I think you're right in a sense, but it will take time for this to play out.  I would like to think that eventually there will be new stock agencies focussed more on quality than quantity, and that buyers will tire of the same old stuff. 




« Reply #31 on: July 07, 2009, 14:28 »
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« Reply #32 on: July 07, 2009, 17:18 »
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I think you're right in a sense, but it will take time for this to play out.  I would like to think that eventually there will be new stock agencies focussed more on quality than quantity, and that buyers will tire of the same old stuff. 





Hope you are right about that.

BTW, my disagreement was with the hypothetical industry execs, not with you.  I think you hit the nail on the head with your comments :)

Squat

  • If you think you know, you know squat
« Reply #33 on: July 08, 2009, 08:14 »
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I'm now so cynical that I don't even read announcements like this in detail. I let more knowledgeable people pick them apart, and the bottom line is always another cut in prices, and commissions, packaged in spin about expanding the market.

Well, I don't think you should sit and watch, as following closely with this forum you seem to me to possess  strong skills to articulate your opinion, as much as some of the best commentors here .  I may be naive to think that the CEOs of sites don't pass here to read what you are saying, but looking at the changes made by Getty , I feel part of it was due to the strong reaction and combined efforts of the exclusives, and non exclusives in a small part.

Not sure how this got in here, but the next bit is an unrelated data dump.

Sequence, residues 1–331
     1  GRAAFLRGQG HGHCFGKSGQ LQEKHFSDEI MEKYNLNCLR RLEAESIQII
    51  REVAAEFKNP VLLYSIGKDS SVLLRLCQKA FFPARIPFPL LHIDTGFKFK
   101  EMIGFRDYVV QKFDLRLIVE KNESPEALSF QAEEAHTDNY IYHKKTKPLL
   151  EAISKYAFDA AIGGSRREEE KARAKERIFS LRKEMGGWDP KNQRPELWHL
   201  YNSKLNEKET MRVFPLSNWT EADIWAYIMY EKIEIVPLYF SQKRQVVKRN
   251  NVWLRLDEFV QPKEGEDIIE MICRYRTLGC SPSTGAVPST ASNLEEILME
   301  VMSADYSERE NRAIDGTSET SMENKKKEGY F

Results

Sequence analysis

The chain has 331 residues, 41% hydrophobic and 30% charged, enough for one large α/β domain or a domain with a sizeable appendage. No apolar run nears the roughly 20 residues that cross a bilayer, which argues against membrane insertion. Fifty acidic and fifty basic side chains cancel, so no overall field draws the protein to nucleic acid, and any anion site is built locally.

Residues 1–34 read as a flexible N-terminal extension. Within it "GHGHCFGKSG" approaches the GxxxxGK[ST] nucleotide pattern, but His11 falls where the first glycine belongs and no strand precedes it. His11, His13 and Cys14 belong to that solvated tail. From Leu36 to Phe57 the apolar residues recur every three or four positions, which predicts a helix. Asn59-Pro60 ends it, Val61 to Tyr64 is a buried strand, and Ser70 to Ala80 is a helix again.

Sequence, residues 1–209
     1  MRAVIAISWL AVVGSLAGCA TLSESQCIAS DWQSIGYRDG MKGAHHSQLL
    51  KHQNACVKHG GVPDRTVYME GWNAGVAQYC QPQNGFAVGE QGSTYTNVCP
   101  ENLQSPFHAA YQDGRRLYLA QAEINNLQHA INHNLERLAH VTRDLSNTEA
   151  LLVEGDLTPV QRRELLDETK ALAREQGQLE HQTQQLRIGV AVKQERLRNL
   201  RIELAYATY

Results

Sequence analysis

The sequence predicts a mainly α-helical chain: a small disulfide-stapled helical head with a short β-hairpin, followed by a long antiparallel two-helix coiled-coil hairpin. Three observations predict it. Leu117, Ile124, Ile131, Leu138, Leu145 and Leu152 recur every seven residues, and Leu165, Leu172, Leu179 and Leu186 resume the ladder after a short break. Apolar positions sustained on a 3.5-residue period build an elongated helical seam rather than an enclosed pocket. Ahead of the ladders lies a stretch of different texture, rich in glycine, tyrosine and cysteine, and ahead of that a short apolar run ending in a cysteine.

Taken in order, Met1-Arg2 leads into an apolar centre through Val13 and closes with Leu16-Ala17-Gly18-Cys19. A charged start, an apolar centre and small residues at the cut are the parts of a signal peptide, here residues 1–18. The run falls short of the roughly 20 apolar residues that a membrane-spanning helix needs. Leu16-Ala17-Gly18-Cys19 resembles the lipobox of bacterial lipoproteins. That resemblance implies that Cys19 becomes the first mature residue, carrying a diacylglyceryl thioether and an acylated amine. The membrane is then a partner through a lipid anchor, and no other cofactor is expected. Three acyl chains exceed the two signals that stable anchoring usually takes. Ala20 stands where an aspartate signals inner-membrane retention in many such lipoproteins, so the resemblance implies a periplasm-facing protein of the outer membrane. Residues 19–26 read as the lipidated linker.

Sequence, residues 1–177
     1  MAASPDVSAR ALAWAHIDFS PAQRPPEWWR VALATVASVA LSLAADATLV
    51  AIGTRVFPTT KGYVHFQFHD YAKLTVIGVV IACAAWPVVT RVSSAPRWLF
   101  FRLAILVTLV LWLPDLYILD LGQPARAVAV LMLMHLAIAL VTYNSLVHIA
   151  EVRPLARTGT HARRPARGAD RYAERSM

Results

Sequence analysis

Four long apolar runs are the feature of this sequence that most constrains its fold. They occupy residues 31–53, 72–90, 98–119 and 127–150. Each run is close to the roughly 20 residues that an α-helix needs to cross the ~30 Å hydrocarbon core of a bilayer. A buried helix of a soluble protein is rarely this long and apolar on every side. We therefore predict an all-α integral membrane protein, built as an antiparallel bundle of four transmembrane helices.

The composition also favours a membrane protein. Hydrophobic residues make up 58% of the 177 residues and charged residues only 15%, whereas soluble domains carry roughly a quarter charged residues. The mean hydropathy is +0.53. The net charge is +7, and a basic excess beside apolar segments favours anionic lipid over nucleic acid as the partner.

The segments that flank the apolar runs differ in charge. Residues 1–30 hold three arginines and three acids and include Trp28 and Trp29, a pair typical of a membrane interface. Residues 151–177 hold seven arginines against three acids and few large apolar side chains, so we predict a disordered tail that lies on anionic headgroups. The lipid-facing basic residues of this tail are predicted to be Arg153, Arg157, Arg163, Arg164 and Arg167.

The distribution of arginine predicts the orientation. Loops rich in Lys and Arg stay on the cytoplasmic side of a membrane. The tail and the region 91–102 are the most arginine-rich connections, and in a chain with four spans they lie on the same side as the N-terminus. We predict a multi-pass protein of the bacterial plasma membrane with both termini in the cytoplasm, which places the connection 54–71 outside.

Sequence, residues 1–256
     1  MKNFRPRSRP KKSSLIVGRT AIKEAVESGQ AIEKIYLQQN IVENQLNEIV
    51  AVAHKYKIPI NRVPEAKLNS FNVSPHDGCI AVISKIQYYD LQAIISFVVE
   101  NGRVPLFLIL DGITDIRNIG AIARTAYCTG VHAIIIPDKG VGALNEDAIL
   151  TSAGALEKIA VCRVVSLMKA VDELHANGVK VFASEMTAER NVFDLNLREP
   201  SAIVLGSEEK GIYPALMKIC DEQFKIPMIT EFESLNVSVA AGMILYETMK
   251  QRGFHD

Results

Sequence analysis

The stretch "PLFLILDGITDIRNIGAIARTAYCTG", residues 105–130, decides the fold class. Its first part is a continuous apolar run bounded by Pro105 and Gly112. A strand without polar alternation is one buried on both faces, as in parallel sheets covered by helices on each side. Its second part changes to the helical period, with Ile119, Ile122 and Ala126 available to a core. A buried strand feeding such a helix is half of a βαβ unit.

Open forum is a good instrument to move markets. Ignorance is bliss to monopolies , much like politics where the politicians love to see the growing population stay ignorance to their exploitation.

With your input and other knowledgeable people, CEOs of sites will know that there are not only excellent photographers in the grapevine, but also equally conscious negotiators to bring about a better deal for all involved. 

Nobody wants to be in a win-lose situation, this will only be temporary.
As someone once said to me, "to succeed in business , it has very little to do with trusting your clientele, associates,etc... or vice versa, it has more to finding a mutual interest. once there is mutual interest, the bond is impossible to break".
« Last Edit: July 13, 2009, 18:56 by tan510jomast »

« Reply #34 on: July 08, 2009, 10:47 »
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Open forum is a good instrument to move markets. Ignorance is bliss to monopolies , much like politics where the politicians love to see the growing population stay ignorance to their exploitation.
 

Completely agree with this ^^. 

This forum is a great service both to contributors and to any web site that is smart enough to pay attention to it.

« Reply #35 on: July 08, 2009, 12:53 »
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tan510jomast, I actually don't think there's anything that contributors could say or do at this point that would change things.  

Microstock has just gone through a 'boom' - bigger players with more money have rushed in - new sites showing up every week - and they've all been sucked into a mindless price war.  We will just have to wait for the 'bust' that inevitabley follows a 'boom'.  

There will be a shakeout, and maybe after that, new ways to sell images will emerge.  Until then, all we can really is put photos on the big existing sites and accept the trickle of money they generate.  Just pulling them all and not participating is an option too, of course, but it has no benefit, until we have somewhere else to sell them.  

I do think that we are at the point where skilled, experienced photographers are losing motivation and probably shooting and submitting less.  But no one at the agencies cares about that, yet.